He beat a strong field of seasoned and wealthy competitors — former Cabinet minister and political veteran Henry Kosgey, incumbent Governor Cleophas Lagat and former Agriculture Cabinet Secretary Felix Koskei — to win the Jubilee ticket.

From there, it was an easy road for him to the top seat, winning with 245 764 votes (91.2 per cent).

 “We would like to improve the prospects of our farmers by encouraging value addition on milk, maize, tea, coffee and horticulture to boost the earning of our farmers,” he told Sunday Standard.

He finds a full in tray in Kapsabet, key among which is the issue of expiring land leases to huge parcels of land under multinationals.

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Kiraitu Murungi

2. Kiraitu Murungi – Meru County


Kiraitu Murungi swearing-in to be held at Meru town bus park

He mounted one of the most elaborate and earth shaking campaigns to oust his student of law and former political protege Peter Munya. At 65, his was a do-or-die battle as a loss would have brought his glittering political career to an end.

Opinion polls had written him off, but Kiraitu emerged stronger. He has promised to empower the women and youth.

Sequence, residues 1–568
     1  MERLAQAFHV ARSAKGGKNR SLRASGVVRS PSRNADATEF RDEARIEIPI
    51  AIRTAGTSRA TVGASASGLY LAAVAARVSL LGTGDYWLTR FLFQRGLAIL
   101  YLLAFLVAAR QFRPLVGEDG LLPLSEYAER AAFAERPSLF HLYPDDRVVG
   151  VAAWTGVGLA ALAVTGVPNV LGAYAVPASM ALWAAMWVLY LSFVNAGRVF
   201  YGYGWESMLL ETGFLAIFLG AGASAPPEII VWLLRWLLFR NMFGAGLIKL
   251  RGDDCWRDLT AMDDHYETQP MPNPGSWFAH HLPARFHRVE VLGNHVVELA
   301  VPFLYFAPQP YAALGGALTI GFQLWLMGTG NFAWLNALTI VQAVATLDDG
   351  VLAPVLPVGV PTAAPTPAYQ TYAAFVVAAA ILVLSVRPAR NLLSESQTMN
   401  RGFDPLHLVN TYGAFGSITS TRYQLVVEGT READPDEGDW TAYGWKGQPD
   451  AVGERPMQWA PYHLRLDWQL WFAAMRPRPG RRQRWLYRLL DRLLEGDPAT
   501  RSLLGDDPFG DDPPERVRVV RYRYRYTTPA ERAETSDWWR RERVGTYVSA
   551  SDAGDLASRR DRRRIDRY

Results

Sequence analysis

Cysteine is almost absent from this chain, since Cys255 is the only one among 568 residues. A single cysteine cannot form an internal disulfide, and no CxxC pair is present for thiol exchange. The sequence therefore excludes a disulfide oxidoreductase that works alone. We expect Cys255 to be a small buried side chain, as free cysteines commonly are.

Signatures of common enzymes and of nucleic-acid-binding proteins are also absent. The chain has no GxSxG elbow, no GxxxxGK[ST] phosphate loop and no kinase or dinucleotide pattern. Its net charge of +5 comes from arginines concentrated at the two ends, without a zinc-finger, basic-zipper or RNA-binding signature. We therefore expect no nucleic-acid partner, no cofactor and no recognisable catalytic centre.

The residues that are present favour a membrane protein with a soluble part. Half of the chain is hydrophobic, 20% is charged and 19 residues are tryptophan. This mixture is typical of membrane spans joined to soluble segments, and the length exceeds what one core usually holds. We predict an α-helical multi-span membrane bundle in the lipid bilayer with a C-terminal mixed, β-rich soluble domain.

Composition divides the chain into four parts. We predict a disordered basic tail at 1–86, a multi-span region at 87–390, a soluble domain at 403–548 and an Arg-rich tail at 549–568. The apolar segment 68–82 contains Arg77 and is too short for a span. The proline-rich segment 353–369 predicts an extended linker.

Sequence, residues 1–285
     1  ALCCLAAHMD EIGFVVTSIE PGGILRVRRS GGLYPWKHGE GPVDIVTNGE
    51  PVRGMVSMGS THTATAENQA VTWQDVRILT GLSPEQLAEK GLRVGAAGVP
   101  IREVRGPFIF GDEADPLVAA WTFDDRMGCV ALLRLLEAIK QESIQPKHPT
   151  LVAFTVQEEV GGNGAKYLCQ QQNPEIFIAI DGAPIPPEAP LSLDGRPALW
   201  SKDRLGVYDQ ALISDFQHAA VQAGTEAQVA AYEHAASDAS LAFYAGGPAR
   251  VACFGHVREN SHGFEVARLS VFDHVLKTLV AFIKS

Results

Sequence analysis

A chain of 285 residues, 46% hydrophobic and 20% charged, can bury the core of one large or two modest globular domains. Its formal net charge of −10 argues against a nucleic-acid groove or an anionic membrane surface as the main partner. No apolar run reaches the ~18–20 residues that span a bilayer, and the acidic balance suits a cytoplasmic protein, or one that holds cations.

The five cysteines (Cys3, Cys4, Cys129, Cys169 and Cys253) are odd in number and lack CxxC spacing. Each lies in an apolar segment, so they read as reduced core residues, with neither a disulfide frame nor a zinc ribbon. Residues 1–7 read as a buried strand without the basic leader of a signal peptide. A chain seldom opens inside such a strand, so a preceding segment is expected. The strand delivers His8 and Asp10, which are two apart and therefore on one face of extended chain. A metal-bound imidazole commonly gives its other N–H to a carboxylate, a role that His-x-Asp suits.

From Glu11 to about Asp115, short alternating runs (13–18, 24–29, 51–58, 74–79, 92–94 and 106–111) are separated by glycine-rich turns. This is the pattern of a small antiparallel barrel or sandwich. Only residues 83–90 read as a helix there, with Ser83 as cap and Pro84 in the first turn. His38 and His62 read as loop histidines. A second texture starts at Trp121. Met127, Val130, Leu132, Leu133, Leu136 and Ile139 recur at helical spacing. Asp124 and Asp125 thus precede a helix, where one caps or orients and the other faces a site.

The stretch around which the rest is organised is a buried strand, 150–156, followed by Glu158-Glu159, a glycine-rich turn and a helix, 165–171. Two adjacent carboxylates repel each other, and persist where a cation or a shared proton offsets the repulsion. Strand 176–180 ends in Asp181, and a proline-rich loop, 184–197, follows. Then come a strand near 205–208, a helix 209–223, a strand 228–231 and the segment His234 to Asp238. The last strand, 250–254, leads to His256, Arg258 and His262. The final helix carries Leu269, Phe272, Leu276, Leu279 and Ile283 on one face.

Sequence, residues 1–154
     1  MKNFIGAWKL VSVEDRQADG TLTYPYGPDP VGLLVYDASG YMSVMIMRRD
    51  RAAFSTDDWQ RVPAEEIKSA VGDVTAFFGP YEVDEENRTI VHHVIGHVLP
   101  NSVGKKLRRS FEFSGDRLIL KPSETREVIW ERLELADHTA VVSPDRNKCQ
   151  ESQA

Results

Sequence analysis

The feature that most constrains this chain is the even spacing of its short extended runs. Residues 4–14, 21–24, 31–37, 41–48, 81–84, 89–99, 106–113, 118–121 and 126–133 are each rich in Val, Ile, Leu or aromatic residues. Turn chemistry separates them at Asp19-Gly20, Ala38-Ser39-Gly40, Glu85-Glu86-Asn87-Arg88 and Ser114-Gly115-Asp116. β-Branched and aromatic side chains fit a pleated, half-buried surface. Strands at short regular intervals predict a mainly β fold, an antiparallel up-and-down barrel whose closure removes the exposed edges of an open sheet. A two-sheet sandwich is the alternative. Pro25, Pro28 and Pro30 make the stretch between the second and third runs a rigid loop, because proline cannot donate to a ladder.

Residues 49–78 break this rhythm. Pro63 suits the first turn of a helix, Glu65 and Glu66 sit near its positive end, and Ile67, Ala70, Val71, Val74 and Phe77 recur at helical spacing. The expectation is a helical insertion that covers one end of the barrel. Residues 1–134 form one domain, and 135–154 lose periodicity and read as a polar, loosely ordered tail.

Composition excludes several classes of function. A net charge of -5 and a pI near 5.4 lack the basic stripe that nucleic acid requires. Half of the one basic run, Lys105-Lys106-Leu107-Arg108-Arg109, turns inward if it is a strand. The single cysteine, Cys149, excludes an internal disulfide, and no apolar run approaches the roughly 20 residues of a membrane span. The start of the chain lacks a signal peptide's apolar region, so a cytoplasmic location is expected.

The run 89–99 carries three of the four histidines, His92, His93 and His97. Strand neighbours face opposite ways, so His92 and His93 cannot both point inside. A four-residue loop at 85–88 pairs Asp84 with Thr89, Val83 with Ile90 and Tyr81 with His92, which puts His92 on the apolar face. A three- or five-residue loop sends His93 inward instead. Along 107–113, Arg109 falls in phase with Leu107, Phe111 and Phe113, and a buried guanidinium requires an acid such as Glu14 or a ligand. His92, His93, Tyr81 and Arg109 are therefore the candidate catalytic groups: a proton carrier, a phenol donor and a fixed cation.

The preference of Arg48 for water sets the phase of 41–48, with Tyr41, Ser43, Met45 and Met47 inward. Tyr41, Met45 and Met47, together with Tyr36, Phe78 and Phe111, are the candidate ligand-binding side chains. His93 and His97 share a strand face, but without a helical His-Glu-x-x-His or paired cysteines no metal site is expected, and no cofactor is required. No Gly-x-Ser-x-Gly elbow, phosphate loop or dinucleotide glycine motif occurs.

“We want to ensure that the lives of Meru county residents change for the better. My administration will devolve resources further to the sub-counties and wards,” he said.

In his campaigns, one of his key pledges was to build an ICU and Cancer Unit at Meru Level V Hospital and make it a top teaching and referral hospital.

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Anyang’ Nyong’o

3. Anyang’ Nyong’o – Kisumu

Like Kiraitu in Meru, Kisumu’s Nyong’o had to fend off a strong challenge from an incumbent. Coming from a region where the ODM ticket almost guarantees a win, Nyong’o had to work hard for his win.

He pledged to set up a special multi-million shillings Women Fund to empower those in business.

“I will also ensure that there is gender parity in appointments of all county jobs and boards as is stipulated in the Constitution,’’ said Nyong’o.

He promised to allocate 30 per cent of employment opportunities and tenders to women, youth and persons living with disability.